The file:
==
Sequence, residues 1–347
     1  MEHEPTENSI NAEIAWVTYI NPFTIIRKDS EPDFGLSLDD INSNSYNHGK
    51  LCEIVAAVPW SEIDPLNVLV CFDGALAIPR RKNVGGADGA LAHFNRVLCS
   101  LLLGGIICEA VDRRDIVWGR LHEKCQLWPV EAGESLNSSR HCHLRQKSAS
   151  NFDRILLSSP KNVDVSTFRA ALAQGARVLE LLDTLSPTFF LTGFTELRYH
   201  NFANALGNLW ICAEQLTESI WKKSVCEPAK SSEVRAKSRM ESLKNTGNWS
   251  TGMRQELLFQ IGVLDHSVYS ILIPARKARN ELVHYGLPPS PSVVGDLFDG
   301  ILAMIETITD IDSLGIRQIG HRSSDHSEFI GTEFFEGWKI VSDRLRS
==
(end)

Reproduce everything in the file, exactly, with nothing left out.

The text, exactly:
Sequence, residues 1–347
     1  MEHEPTENSI NAEIAWVTYI NPFTIIRKDS EPDFGLSLDD INSNSYNHGK
    51  LCEIVAAVPW SEIDPLNVLV CFDGALAIPR RKNVGGADGA LAHFNRVLCS
   101  LLLGGIICEA VDRRDIVWGR LHEKCQLWPV EAGESLNSSR HCHLRQKSAS
   151  NFDRILLSSP KNVDVSTFRA ALAQGARVLE LLDTLSPTFF LTGFTELRYH
   201  NFANALGNLW ICAEQLTESI WKKSVCEPAK SSEVRAKSRM ESLKNTGNWS
   251  TGMRQELLFQ IGVLDHSVYS ILIPARKARN ELVHYGLPPS PSVVGDLFDG
   301  ILAMIETITD IDSLGIRQIG HRSSDHSEFI GTEFFEGWKI VSDRLRS